Calves/Peroneals/Soleus/Feet: We run on our feet so it is crucial to work the areas of the lower leg. If we begin to have tightness at the gastrocnemius (main calf muscle) then we could experience tightness down the chain into our fascia on the bottom of our feet. When the muscles of the foot become inflamed we get plantar fasciitis, a very common symptom amongst runners and endurance athletes. But it is something we can stray away from with the correct recovery and regeneration program. Make sure to roll your calves, peroneals (outside of your lower leg), soleus (underneath your calf) and the bottom of your feet. You can use a rolling stick for these areas or you can use a canned food, baseball or tennis ball.
Next we talked about pre-run warm-up strategies. Again, too many runners forget this important aspect and just start running with out dynamically warming up. This warm-up will prepare the body and nervous system for the workout ahead. If you have a sit down job this portion is mandatory as it will put your body into good function before you begin your run. Always take 5-10 minutes to perform a dynamic warm-up. Even if that means you reduce your overall run time by 5-10 minutes. You will become a better and more efficient runner and you will reduce your chances of injury.
Lunge/Arms straight up: This is a great movement as it can lengthen our hip flexors, activate our glutes and open up our shoulders and thoracic spine. Step out into a lunge position. Place the knee on the ground and raise your arms straight up next to your ears. Push through the back glute to feel the stretch in your hip flexor. Hold for 3-5 seconds and repeat 3-8 times on each side, then switch legs.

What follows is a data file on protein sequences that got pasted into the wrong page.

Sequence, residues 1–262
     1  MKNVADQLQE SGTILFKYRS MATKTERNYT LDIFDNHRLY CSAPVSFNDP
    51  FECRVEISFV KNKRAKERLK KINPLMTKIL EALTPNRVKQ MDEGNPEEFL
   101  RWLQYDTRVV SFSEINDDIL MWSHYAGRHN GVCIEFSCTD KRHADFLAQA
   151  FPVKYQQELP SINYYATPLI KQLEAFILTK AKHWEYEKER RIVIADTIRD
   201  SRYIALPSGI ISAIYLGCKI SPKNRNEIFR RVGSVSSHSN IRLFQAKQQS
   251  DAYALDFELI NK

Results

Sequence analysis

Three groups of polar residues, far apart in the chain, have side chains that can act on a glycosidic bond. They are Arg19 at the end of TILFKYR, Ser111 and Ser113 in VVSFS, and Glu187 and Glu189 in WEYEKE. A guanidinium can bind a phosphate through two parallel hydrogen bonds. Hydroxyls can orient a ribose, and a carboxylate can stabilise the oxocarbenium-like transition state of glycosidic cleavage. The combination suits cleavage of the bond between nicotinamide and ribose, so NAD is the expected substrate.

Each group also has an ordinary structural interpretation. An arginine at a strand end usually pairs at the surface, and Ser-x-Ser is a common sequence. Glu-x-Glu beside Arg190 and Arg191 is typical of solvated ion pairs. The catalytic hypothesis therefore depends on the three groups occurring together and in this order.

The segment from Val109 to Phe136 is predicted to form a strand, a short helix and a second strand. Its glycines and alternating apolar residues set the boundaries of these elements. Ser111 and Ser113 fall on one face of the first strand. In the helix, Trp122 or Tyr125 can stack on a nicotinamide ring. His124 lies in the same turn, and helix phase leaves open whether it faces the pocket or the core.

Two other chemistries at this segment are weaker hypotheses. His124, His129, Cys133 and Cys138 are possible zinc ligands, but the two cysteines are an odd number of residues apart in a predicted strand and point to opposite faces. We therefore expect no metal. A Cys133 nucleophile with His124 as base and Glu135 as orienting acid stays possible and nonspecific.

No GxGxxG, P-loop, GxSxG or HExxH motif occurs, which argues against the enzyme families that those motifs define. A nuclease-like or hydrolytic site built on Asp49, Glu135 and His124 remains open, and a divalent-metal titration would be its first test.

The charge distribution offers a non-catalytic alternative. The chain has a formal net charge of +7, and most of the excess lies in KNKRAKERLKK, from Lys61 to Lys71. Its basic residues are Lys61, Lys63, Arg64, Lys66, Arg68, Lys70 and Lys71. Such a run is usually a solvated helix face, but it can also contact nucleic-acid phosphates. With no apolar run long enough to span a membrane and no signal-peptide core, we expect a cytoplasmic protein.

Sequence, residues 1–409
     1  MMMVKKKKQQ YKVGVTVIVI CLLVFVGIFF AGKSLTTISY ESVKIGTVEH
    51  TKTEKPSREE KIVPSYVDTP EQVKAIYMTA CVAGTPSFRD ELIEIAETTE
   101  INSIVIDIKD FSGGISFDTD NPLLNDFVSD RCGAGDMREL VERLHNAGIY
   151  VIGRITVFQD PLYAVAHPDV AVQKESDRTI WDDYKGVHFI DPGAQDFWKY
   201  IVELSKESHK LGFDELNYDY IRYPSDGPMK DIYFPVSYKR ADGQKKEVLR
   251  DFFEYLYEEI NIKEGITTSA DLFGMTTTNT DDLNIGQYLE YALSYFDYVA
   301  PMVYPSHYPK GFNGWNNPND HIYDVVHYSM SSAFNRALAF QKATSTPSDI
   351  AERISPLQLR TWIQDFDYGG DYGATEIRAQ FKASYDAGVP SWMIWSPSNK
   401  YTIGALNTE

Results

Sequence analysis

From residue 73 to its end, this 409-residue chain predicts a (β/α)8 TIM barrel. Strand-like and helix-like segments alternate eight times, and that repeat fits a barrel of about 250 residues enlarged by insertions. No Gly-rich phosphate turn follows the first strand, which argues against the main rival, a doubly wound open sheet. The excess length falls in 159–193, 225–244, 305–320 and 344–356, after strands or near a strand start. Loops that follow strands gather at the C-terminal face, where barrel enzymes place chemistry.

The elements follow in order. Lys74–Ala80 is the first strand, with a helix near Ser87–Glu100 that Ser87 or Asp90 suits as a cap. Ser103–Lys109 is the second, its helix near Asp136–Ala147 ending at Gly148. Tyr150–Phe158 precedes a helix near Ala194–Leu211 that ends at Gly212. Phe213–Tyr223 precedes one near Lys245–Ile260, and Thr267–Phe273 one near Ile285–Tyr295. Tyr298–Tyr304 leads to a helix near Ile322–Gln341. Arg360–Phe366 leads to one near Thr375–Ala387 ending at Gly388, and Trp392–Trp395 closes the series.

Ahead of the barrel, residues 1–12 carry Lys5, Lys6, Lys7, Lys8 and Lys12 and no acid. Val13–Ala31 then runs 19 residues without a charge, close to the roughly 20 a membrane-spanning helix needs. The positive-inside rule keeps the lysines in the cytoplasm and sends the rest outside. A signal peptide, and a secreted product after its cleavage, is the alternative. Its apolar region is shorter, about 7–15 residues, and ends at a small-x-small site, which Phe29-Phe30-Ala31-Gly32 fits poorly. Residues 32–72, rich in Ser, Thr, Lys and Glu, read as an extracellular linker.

Deep Squat to Hamstring: This movement can be used to assess your overall functional movement. So it is important to work and perfect this move. Make sure to keep your chest up, back flat and maintain good core control. Keep your heels on the floor, your feet need to be outside the hips and facing straight ahead and keep your elbows inside of your knees during the squat. As you go into the hamstring stretch, push your butt out and back and keep a flat back until you feel the stretch in your hamstrings. Perform 3-5 full repetitions.
Side Lunging: Running is a sagittal plane (straight forward) movement. We need to increase mobility in all three planes of motion to truly maximize our functional movement. So side lunging will increase hip range of motion in a frontal plane (side to side). Make sure to keep your feet straight and locked into the ground. Sit you butt back into the move as you shift to the left or right. Make sure your bent knee does not slide past your toes. Force your butt and hips to drive backwards and to the direction you are going. You will feel this stretch in your adductors as well.
Push-up Yoga: This is a total body move as it can assist with hamstring and calf flexibility, ankle and thoracic spine mobility and shoulder stability. Start in a push-up position. Maintain good posture and keep your abdominals tight. Take 4 small hand steps back towards your feet. Raise your butt into the air and place your heels into the ground. Keep your legs locked out. Hold for 3-6 seconds and then walk back to starting position. Repeat for 3-5 full repetitions.
To be continued….